Day 145: City RV lot, Tombstone, AZ
Raining like crazy, windy.
We went out to breakfast in the town of Tombstone and had sausage gravy and biscuits. I don’t intend to ever get it again. It always sounds so good, but the taste just isn’t for me.
I went to the Bird Cage Theatre in Tombstone by myself – Tom wasn’t interested. The Bird Cage Theatre has lots of dusty, real relics from the old days and lots of stories about individuals who lived or worked or spent time in Tombstone. Mostly the stories were about the working girls in the bird cages. When I was told that the actual bird cages where the ladies entertained were still here, I thought they were actual cages, like cage fighters in the movies use. These bird cages were something like private mezzanine boxes in a theater.
There were well over 100 bullet holes in the building from the old days. Apparently several people were killed at the Bird Cage. So there went my theory that the Gunfight at the OK Corral was so famous because gunfighting was unusual. I suppose it was so famous because Wyatt Earp was involved and he was the only fighter unscathed when the shooting was over.
I found the museum and all of the stories fascinating. One story that touched me was about a young Russian man who was really a nice guy, but wanted to fit in Tombstone, so he stole a horse. He was hung for the offense and the townspeople felt bad for him.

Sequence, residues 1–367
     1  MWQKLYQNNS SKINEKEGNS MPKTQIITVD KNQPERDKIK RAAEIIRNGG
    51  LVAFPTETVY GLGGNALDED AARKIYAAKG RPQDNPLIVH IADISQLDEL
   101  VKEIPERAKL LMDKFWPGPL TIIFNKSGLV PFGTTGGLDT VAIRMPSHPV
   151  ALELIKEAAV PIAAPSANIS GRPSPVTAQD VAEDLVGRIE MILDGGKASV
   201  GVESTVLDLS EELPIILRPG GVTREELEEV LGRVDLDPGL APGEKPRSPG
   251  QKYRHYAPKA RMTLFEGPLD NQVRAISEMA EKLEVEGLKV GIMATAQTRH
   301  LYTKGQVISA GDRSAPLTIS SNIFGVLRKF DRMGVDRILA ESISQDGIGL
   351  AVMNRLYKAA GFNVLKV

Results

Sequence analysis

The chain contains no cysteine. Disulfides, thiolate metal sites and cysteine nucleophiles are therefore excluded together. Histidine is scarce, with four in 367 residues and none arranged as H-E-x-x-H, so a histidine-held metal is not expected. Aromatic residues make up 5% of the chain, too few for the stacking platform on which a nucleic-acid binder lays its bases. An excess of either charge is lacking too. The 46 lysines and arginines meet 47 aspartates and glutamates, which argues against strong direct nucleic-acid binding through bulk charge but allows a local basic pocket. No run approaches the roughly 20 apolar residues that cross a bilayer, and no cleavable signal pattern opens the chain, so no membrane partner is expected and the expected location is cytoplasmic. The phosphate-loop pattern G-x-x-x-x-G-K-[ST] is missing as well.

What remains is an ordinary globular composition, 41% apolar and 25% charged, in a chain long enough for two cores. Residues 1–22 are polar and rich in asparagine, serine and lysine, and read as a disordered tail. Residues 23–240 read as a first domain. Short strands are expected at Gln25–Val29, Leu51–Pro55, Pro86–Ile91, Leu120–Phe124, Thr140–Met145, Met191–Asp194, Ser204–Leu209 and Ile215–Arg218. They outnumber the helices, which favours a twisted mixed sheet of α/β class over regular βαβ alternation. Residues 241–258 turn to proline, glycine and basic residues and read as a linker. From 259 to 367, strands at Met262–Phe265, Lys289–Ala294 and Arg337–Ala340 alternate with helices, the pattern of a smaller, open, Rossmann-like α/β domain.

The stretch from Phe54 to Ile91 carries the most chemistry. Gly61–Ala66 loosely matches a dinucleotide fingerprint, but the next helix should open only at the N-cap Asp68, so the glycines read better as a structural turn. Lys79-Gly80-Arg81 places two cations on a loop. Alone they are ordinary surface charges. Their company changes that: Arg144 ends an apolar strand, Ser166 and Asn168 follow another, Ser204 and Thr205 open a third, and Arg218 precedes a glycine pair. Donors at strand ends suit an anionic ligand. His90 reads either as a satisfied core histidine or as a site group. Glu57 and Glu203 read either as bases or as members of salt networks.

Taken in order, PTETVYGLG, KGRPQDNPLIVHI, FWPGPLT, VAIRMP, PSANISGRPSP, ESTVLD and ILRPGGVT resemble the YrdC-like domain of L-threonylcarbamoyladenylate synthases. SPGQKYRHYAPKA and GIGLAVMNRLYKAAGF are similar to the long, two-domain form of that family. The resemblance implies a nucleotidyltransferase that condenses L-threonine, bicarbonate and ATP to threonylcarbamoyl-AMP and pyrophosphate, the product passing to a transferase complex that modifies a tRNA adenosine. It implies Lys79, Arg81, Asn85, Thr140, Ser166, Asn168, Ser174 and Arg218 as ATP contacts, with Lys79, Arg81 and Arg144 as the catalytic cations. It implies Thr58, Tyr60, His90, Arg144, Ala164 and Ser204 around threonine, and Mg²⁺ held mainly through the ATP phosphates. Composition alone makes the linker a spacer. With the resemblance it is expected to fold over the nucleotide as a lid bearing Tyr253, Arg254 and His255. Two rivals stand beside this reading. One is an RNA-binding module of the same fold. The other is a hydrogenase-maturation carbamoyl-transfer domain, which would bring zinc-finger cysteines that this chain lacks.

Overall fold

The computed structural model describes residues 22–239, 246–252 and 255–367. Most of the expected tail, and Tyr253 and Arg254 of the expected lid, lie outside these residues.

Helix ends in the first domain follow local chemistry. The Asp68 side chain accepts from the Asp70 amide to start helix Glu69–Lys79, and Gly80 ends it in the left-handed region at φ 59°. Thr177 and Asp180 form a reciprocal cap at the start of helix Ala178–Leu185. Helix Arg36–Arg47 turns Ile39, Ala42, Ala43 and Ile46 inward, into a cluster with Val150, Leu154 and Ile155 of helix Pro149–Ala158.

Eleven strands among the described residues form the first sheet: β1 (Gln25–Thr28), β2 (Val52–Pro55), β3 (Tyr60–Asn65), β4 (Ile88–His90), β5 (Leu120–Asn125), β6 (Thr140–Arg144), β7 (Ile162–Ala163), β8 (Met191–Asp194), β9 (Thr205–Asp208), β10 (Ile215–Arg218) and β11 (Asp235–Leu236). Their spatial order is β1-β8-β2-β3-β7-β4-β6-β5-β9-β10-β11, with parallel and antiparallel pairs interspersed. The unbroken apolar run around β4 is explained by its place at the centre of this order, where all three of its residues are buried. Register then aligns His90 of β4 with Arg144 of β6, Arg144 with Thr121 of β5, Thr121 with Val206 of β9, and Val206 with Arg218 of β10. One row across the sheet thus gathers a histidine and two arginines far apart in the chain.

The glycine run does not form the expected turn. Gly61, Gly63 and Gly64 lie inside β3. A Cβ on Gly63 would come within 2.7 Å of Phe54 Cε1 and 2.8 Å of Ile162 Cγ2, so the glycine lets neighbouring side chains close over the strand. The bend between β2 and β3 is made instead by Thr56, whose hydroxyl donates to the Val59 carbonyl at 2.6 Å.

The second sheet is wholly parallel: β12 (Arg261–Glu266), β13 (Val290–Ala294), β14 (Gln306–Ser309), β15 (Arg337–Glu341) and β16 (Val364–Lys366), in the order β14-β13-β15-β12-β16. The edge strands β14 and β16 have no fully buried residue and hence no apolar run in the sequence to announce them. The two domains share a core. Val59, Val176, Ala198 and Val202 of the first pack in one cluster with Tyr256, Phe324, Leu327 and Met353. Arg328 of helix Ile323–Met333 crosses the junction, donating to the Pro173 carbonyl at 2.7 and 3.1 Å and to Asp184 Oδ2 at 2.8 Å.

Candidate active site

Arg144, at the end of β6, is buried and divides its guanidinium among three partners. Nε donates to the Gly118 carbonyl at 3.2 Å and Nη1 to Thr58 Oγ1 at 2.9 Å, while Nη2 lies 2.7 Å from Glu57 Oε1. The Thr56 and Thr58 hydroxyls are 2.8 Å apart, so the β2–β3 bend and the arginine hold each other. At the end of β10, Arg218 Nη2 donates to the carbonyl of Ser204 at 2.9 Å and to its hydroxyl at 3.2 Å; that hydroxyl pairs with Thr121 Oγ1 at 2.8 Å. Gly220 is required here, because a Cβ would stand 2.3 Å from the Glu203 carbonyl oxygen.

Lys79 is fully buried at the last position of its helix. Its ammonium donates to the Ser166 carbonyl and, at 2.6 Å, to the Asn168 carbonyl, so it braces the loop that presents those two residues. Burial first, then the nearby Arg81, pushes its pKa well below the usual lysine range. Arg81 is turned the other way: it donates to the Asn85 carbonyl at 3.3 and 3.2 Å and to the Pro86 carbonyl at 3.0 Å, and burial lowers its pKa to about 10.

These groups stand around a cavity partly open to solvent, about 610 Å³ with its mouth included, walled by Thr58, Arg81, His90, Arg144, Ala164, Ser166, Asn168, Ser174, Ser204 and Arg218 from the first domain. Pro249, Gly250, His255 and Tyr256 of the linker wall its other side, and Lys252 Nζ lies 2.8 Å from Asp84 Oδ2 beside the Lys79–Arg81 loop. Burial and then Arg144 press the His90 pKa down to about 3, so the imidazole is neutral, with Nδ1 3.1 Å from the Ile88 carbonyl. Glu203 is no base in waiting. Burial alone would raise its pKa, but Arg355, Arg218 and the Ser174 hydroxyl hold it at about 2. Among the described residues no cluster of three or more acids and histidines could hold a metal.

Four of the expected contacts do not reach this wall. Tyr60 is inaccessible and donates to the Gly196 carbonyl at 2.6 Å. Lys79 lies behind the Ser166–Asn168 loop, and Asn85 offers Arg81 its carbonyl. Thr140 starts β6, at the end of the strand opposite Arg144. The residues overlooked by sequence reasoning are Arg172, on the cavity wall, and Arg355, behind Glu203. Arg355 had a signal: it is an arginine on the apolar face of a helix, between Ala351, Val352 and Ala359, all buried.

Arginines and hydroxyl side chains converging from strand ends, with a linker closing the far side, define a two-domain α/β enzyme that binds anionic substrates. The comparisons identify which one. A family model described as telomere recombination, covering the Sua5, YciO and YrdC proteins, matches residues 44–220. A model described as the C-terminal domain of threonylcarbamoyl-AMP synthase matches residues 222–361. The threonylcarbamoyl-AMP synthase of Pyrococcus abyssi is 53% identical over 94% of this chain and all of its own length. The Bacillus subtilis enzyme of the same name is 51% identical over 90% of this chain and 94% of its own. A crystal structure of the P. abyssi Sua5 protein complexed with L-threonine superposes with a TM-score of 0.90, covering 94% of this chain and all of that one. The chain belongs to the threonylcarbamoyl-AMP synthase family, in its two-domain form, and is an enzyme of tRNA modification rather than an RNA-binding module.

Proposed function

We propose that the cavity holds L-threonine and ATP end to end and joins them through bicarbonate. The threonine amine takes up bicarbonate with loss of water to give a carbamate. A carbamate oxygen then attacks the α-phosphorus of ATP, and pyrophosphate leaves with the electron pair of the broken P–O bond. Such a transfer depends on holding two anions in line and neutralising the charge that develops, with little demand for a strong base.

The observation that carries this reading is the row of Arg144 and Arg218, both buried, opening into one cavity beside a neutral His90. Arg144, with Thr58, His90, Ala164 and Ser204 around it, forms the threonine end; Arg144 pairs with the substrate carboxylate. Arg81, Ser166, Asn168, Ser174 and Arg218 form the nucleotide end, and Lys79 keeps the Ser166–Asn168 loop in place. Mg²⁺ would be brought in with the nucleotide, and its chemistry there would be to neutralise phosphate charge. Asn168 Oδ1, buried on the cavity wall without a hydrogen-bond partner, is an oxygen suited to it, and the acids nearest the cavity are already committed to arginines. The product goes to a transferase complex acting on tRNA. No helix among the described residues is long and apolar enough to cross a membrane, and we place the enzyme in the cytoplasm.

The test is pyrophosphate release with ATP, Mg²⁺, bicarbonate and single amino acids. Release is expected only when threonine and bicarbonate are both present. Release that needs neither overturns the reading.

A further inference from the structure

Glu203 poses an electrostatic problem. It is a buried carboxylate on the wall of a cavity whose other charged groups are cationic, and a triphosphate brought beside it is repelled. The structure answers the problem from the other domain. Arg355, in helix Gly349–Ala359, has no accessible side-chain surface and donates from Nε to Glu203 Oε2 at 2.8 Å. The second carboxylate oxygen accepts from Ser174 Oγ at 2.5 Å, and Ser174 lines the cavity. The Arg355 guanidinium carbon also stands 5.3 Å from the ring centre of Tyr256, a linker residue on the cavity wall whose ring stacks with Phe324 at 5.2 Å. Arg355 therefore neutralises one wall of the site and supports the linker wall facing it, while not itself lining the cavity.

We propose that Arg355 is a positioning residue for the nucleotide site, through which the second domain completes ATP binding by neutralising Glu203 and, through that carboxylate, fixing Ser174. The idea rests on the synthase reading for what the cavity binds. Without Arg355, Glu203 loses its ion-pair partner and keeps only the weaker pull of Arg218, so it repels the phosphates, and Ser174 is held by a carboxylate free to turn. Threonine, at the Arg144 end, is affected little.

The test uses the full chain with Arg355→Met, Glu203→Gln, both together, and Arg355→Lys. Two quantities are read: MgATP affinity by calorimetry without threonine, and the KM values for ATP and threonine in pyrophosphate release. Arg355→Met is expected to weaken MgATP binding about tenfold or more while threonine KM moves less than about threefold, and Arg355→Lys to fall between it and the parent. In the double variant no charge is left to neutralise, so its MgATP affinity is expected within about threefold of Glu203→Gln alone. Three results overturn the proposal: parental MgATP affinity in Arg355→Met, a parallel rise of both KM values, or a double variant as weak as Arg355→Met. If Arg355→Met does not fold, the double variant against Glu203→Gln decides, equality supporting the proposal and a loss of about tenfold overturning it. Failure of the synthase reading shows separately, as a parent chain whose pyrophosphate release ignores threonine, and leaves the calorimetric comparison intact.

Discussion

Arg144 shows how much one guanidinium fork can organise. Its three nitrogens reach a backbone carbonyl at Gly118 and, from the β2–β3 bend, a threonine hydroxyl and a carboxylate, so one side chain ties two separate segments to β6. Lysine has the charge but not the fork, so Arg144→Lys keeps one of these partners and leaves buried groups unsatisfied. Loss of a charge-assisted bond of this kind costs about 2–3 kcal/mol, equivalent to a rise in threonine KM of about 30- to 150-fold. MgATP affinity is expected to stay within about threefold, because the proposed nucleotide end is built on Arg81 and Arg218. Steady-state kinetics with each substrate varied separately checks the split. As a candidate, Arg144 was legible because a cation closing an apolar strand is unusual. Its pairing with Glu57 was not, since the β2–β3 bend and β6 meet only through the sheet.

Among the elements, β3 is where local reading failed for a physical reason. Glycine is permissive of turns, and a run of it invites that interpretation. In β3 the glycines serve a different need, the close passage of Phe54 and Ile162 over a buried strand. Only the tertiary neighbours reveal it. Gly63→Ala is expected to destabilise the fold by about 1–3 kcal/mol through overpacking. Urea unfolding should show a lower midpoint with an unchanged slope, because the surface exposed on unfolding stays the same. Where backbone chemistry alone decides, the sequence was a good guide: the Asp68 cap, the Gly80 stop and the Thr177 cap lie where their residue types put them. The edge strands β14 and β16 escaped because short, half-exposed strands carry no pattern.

We left Tombstone and headed for New Mexico. The first thing in New Mexico we did was stop at a visitor center for a map. If I wasn’t so excited about going to New Mexico, I would’ve turned around and gone back to Arizona. The lady in visitor center was so uninterested in me and in New Mexico that I gave up on her and quietly, and slightly seething, looked through brochures by myself. Tom said I should’ve asked her how her day was going. Perhaps she was just having a really bad day. Next time I will try that tactic.
We decided to go to Rock Hound State Park for the night. When we were about a mile from the park, the road was covered with water and we could not tell how deep the water was. There was no one else around so that we could watch them go through the water and gauge how safe it was. We saw tracks going in the mud around the road but we were not going to do that with Arvi. So we turned around and drove another hour and a half to Caballo Lake State Park. It was very dark and we had to register online for our campsite. But it all worked out fine and we are thankful for being here.